YES I figured out the display :slight_smile: ! The dev board display config says RS: PB0 but does not detail what RS is. I figured out that needs to be set as the control pin in the peripherals class from the brainpad code. What exactly does RS stand for? This is very unclear and there is no documentation describing it.

Now on to the motor control. How can I hook up a stepper motor controller and a motor to the dev board? I have bread board material to connect motor and controller together but am not sure how to attach this to the dev board. I currently have an IMSPLUS but they are very overpriced. Thinking I will replace with one of these TI controllers:


I am not sure which controller is best or which motor I should be matching it with. Need recommendations please!

@ hwalker_MIWV -

Maybe RS = Register Select ??

Not sure what you are reading.


Reference N18 LCD Code - DisplayN18_43.cs

rsPin.Write(true) - Sending Data
rsPin.Wriye(false) - Sending Command

I am reading the writing on the development board next to the display. It says:

Display: SPI2

Is registry select equivalent to the control pin? Nothing worked until I set the control pin to PB0 now I have full display control. Wondering how I change the color of the display background from black to white now.

Here is a potential motor controller, will this suffice for my high resolution / microstep stepper motor needs? I do not know a whole lot about motor controllers.


@ hwalker_MIWV - Yes i am using a custom Display class - but not as custom as you probably think.

The stepper IC i mentioned has 128 micro steps so with a 1.8 deg stepper can step about 2 thicknesses of a spiders doodle.

Just ask @ John Smith - he likes steppers…

@ Justin - Both the products you linked me to are discontinued. Are you saying I should use the dSPIN L6470 controller from that module? Keep price in mind as I am manufacturing thousands of these devices over the coming years. Those TI chips are only a couple bucks and the price of a module like you suggested is ~$30

EDIT: Approximately how many flim flams are in a spiders doodle?

@ hwalker_MIWV - I think Justin is just giving you options to use as a reference, for code and for ideas.

We are extremely busy with some big changes but I will try to put together a display demo for G30 for you.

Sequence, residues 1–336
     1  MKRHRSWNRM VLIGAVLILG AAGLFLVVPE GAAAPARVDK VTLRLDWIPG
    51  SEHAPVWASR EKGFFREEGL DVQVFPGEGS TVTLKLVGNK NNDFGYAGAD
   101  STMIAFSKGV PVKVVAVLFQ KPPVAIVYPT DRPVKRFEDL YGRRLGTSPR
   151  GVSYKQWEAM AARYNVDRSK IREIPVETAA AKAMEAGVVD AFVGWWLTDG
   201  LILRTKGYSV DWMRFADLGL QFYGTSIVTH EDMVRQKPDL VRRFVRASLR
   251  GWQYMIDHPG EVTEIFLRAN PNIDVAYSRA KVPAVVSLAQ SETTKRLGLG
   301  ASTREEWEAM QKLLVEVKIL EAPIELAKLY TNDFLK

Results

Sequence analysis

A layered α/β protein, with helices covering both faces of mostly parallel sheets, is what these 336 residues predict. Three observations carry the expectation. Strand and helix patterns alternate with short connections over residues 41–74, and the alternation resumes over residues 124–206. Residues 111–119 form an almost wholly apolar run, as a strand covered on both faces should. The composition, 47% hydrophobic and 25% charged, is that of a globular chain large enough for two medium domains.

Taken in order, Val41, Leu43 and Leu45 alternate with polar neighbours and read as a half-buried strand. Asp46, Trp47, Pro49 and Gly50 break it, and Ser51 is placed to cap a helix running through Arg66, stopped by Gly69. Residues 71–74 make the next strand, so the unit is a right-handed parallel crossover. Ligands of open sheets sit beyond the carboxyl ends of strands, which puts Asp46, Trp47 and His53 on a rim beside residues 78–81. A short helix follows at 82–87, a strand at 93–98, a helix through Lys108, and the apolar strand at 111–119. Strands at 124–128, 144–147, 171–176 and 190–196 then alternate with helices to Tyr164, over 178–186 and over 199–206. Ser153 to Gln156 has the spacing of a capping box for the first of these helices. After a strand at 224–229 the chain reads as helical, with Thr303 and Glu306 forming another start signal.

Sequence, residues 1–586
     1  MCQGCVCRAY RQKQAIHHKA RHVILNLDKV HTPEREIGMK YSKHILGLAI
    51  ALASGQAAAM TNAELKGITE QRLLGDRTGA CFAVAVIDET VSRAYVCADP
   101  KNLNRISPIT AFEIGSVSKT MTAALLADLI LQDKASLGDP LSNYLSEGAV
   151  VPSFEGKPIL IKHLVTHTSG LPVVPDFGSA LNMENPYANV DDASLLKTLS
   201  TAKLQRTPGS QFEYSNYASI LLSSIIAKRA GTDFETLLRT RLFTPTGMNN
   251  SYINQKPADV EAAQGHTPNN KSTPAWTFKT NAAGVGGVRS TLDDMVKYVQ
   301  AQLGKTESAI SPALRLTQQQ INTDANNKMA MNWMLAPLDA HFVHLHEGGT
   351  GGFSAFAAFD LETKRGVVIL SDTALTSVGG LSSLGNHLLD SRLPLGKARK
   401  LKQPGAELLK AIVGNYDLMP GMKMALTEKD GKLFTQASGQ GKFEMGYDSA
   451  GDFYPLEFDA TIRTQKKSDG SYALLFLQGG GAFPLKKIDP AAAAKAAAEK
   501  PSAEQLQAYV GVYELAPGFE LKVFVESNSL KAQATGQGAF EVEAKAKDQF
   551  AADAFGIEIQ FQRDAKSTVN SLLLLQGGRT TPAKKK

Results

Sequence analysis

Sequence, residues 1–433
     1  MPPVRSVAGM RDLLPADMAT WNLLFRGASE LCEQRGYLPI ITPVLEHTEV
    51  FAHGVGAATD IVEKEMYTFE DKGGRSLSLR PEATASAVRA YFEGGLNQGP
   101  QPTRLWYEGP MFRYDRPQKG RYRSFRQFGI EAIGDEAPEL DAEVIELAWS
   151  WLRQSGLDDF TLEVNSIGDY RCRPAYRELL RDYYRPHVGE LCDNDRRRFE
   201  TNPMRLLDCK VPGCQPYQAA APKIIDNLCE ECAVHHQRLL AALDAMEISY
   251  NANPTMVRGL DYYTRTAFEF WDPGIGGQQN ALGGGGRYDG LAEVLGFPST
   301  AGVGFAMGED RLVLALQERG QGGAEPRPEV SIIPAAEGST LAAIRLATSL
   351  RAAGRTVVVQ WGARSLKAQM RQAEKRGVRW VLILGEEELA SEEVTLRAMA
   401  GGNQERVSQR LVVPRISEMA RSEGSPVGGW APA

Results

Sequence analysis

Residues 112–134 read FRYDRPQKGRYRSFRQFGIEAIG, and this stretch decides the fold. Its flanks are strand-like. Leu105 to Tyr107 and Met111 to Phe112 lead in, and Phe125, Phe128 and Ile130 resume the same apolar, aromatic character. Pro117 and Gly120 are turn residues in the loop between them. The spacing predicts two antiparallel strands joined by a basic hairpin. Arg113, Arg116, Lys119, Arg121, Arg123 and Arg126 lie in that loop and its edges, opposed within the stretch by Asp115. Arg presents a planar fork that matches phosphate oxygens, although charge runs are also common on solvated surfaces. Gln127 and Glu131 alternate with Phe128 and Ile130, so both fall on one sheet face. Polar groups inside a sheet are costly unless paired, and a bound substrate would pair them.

@ Gus - Ok thank you. While you piece together a demo, also write down display options for what we can order with our G30 orders when we start production and shoot me an email please.

@ hwalker_MIWV - there was no mention of price so i went for the gold plated version :slight_smile:

A spiders doodle is only a few microns thick and as we all know there are 2.5 flim flams per micron so ~ 0x07 FF’s or so…

L6470 will give you 128 micro steps so 0.0140625 deg resolution - dam the mechanical backlash :smiley:

L6470 are $7.72 in singles and in 1000’s are $4.38 from Mouser

Here is said L6470 using G80 type uC and N18 type display

@ hwalker_MIWV - To keep cost down stick with your TI controller.

@ Justin - The cheaper the better, even $3 difference saves my company a few thousand off a year’s worth of production. What is the easiest interface method? Will the ST controller be just as easy to control as a TI one? Which is more reliable?

I wish I was working in New Zealand I applied for a work VISA but couldn’t line a job up even though the government is looking for mechanical engineers. Although, microwave engineering in Florida turned out to be pretty damn badass.

@ Mr. John Smith - Thank you John, how do you feel about these Swiss motors? http://www.portescap.com/

I heard they are world renowned. I need a motor that is very reliable so customers do not come back complaining that their missile hit the wrong target or their satellite fell out of orbit after 5 years because I selected a motor with internal plastic parts.

@ hwalker_MIWV - Don’t you need a RAD hardened motor for Space and Military use? Also, you just need to open up the motor yourself to see what’s inside. For step motors you just need to know what the angular accuracy is(5% etc) and the number of steps per revolution. I like oriental motor personally; but my experience is limited. Lastly, your TI is easier to control, but you will have to write your program control motor acceleration, wheas the ST L6470 has a co-processor that does this for you.


Good point I am not sure if the old motor was RAD hardened or not.

EDIT: No it doesn’t need to be for this purpose

@ Mr. John Smith - Can you elaborate more on the acceleration control design aspect or link me to a good article?